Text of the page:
Monday Backspin: Mickelson will be the focus at Pinehurst in 2014

Forever it seemed liked The Open Championship for Phil Mickelson would be what the French Open was to tennis’ Pete Sampras, a tournament that would vex him throughout his Hall-of-Fame career.

If anything, the other Open, the U.S. one, seemed more probable, even with a record six runner-up finishes in it, including one this year.

That fact wasn’t lost on Mickelson, even in the glow of what he called one of his most memorable rounds ever.

“And if six seconds counted as a win, I’d have all four of them,” Mickelson joked to ESPN’s Tom Rinaldi as they concluded their interview Sunday night.

Indeed, all the focus will be on Mickelson next June at Pinehurst No. 2, where he'll be going for the career Grand Slam. It's also the site of his first runner-up in the U.S. Open where Payne Stewart famously parred the last to beat Mickelson by one.

Afterward, Stewart grabbed Mickelson’s face and reminded him he was going to be a father.

Fast forward to earlier this year when Mickelson flew home to San Diego and back early in the week at the U.S. Open for the eighth grade graduation of his and wife Amy’s first child, Amanda, born the week after that heartbreaking loss to Stewart.

Talk about coming full circle -- almost.

There’s little Mickelson hasn’t accomplished in his two-plus decades on the PGA TOUR.

Winning the U.S. Open isn’t on the list, though, and a win there would put him in even rarer company.

Only five men have completed the modern day career Slam: Gene Sarazen, Ben Hogan, Gary Player, Jack Nicklaus and Tiger Woods.

It only seems fitting Mickelson would add his name to that list, and what better place than Pinehurst.


''This is such an accomplishment for me ... To play what is arguably the best round of my career, to putt the way I putted, to shoot the round of my life, it just feels amazing to win the claret jug.'' -- Phil Mickelson after winning his first Open Championship

"I'm not too disappointed. I don't really get disappointed with golf anymore. I'm a philosophical person. It just doesn't wind me up or get to me anymore.” -- Lee Westwood, who now has eight career top-three finishes in majors.

“I let a great chance slip during the middle of the round, and that’s disappointing.” -- Adam Scott, who for the second straight year had the lead late in the Open only to make four consecutive bogeys, this time on Nos. 13 through 16 to finish in a tie for third four shots back.

 “I'm definitely under-thinking on the golf course, maybe over-thinking it off of it.” -- Rory McIlroy after a “brain dead” 79 in the opening round at Muirfield, where he missed the cut in the Open for the first time in his career.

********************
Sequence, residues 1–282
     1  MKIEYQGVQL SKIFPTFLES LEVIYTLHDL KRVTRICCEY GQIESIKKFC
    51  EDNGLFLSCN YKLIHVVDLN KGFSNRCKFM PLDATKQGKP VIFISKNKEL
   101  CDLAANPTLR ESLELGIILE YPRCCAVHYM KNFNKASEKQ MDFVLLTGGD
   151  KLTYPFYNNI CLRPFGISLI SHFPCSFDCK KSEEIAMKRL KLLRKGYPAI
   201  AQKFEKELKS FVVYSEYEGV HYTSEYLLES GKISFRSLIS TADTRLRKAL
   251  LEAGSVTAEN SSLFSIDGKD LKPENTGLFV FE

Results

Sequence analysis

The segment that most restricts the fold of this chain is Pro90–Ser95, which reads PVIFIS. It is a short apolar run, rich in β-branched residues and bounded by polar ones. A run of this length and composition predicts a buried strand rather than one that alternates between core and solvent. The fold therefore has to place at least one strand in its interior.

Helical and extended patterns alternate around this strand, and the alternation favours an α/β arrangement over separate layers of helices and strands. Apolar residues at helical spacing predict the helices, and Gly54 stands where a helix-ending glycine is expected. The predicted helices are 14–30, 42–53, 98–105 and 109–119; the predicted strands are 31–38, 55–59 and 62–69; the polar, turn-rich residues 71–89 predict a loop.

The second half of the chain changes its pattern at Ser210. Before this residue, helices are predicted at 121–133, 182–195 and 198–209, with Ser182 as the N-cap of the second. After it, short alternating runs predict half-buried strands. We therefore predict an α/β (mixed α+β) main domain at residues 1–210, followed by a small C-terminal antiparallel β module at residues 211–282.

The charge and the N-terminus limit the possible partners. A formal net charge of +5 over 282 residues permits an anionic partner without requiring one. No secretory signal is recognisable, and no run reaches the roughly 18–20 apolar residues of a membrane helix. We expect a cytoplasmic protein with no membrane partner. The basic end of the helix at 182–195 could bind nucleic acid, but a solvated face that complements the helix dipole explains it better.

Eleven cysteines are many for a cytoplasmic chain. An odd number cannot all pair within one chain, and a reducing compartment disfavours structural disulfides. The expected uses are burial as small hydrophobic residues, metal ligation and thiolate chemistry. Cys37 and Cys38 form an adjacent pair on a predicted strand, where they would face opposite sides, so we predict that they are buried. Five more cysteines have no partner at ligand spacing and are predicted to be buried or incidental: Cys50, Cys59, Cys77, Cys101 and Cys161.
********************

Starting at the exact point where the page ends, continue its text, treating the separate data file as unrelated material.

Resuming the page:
@JasonDufner: Phil can get on 17 on two, precise shot required, won't chase as much into the wind. … 16 will be critical for Phil, can he execute the shot he needs. That pin looks accessible but it's a tough spot to get close -- A pair of tweets from an apparently prophetic Jason Dufner.

@stewartcink: Fitting that Phil destroyed holes 13-18 today to win the Claret Jug, while that same stretch destroyed most players hopes all week. -- The 2009 champ pointing out precisely where Mickelson won the Claret Jug.

@MarkCalc: Playing my 27th Open!! Played practice rd today with 2 guys who've only been alive 23 years. Lol -- Mark Calcavecchia, who suddenly felt very, very old last week.


1. Tiger Woods has four wins this season, more than any other player on the PGA TOUR. But there’s now a pretty good body of evidence to suggest that he isn’t the same on the weekend of majors. The most telling is that over his last six majors, Woods is 11 under in the first two rounds and a startling 23 over in the last two. Also alarming: Sunday marked the sixth time Woods has been either one or two shots back entering the final round of a major, and Woods has never broken 70 in any of those rounds and still has yet to win a major coming from behind. “I've won 14 (majors) and in that spell where I haven't won since Torrey, I've been in there,” a frustrated Woods said Sunday. “It's not like I've lost my card. I've won some tournaments in that stretch and I've been in probably about half the majors on the back nine on Sunday with a chance to win during that stretch.” Woods didn’t lose this tournament on Sunday, though. He lost it on Saturday when after making birdie on the second hole to seize the lead he gave it back with bogeys on two of his next five holes. Five years ago, he would have grabbed the lead and never looked back. Instead, Woods was forced to play from behind and his Sunday 74 marked his highest final round in the Open as a pro.

2. Woods isn’t the only one struggling on the weekends of majors. Lee Westwood is now 1-for-5 on the PGA TOUR when holding at least a share of the lead going into the final round. The last time he had one going into Sunday of a major? The 2010 Masters. The player who won that year? Mickelson, who Westwood can and should learn from. "I think Phil is a few years older than Lee is so guys can still win in their 40s,” Ian Poulter told Sky Sports. “Lee has got plenty more years left. If he keeps putting himself in position he is going to be able to get his hands on one of them for sure. He is too good a player not to. Obviously the pressure is there so that every time he gets himself in position it is difficult because everyone wants him to win and he wants to win even more. I am sure if he keeps working the way he is and keeps improving then I am sure it is going to come.” Or he could end up like Colin Montgomerie. Unlike Mickelson, Westwood has more holes in his game, specifically in his short game. Ironically, that wasn’t what let him down this time. It was his usually-very-good ballstriking that did.